% complete_binary_tree(N,T) :- T is a complete binary tree with N nodes. (+,?)

Test your predicate in an appropriate way.

4.13 (**) Layout a binary tree (1)
Given a binary tree as the usual Prolog term t(X,L,R) (or nil). As a preparation for drawing the tree, a layout algorithm is required to determine the position of each node in a rectangular grid. Several layout methods are conceivable, one of them is shown in the illustration below.


In this layout strategy, the position of a node v is obtained by the following two rules:
  • x(v) is equal to the position of the node v in the inorder
  • y(v) is equal to the depth of the node v in the tree
    sequence
In order to store the position of the nodes, we extend the Prolog term representing a node (and its successors) as follows: 

% nil represents the empty tree (as usual)
% t(W,X,Y,L,R) represents a (non-empty) binary tree with root W "positioned" at (X,Y), and subtrees L and R
Write a predicate layout_binary_tree/2 with the following specification:

% layout_binary_tree(T,PT) :- PT is the "positioned" binary tree obtained from the binary tree T. (+,?)

Test your predicate in an appropriate way.


4.14 (**) Layout a binary tree (2)

An alternative layout method is depicted in the above illustration. Find out the rules and write the corresponding Prolog predicate. Hint: On a given level, the horizontal distance between neighboring nodes is constant.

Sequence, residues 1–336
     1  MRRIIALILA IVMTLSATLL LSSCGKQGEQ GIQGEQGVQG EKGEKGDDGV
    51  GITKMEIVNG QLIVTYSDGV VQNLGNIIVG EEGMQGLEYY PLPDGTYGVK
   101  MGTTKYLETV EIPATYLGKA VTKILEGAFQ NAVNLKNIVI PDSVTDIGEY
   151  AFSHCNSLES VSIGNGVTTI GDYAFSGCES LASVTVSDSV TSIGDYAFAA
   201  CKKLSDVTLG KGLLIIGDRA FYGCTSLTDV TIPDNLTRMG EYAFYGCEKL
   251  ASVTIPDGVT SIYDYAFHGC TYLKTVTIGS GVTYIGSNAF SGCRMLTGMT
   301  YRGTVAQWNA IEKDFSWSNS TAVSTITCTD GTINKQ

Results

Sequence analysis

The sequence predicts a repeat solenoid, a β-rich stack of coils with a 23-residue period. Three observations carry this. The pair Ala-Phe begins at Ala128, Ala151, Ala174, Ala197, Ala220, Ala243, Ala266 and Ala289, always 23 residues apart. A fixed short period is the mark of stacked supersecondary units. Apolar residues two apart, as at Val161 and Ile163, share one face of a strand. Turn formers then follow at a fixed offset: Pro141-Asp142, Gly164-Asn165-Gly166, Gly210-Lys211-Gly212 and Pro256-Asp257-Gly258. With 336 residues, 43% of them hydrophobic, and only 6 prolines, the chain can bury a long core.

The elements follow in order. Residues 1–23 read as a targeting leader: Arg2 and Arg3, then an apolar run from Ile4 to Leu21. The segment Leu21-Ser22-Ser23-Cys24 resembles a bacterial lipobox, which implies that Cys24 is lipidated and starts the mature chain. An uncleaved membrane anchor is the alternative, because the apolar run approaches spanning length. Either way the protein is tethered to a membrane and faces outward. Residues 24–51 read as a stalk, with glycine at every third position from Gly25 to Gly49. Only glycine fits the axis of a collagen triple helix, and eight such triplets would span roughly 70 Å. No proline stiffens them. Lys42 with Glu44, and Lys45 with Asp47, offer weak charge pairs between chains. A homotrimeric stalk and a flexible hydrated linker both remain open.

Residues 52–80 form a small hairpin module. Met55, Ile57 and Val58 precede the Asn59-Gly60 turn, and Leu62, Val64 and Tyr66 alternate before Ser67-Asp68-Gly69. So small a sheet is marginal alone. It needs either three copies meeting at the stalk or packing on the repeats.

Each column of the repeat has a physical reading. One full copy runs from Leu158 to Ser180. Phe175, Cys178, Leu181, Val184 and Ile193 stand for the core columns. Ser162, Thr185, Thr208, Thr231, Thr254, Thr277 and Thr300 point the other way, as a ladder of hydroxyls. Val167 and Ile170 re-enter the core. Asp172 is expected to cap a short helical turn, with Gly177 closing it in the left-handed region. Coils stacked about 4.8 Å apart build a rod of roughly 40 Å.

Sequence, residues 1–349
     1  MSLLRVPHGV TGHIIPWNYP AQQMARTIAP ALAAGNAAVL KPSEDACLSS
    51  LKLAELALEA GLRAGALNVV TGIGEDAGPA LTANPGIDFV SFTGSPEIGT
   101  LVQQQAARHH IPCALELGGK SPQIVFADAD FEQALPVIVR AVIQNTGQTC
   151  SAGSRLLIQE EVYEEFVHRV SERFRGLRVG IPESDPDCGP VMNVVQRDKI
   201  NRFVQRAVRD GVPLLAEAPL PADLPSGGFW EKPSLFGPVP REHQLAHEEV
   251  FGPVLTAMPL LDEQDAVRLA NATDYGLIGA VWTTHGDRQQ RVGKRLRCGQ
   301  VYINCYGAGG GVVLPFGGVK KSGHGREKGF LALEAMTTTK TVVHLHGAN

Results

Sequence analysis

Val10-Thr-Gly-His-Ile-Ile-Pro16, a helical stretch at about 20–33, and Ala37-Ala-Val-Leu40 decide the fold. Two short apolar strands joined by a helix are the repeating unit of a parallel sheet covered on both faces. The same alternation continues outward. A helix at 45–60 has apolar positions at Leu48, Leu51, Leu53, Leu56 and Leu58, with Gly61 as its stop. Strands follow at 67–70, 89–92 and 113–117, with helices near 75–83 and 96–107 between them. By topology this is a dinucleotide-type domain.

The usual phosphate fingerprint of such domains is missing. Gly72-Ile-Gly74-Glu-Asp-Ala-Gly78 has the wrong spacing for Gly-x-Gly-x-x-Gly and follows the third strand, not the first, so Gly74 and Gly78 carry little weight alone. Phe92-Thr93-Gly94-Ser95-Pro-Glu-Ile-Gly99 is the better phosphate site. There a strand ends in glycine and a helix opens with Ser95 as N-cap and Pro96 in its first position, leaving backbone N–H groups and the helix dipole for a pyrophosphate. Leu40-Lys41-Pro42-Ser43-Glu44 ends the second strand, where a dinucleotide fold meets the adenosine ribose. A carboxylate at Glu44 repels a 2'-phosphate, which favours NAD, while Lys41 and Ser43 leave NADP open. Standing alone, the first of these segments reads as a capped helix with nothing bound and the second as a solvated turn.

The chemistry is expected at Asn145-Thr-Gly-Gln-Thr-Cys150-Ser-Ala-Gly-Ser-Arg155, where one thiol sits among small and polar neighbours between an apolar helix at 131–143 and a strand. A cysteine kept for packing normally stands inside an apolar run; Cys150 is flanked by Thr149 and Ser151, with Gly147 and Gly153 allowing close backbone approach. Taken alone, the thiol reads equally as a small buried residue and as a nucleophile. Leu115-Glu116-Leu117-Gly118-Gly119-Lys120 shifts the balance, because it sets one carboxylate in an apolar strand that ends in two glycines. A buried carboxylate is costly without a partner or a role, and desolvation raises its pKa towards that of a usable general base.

Use the same conventions as in problem 4.13 and test your predicate in an appropriate way.


4.15 (***) Layout a binary tree (3)

Yet another layout strategy is shown in the above illustration. The method yields a very compact layout while maintaining a certain symmetry in every node. Find out the rules and write the corresponding Prolog predicate. Hint: Consider the horizontal distance between a node and its successor nodes. How tight can you pack together two subtrees to construct the combined binary tree?

Use the same conventions as in problem 4.13 and 4.14 and test your predicate in an appropriate way. Note: This is a difficult problem. Don't give up too early!

Which layout do you like most?


4.16 (**) A string representation of binary trees

Somebody represents binary trees as strings of the following type (see example):

a(b(d,e),c(,f(g,)))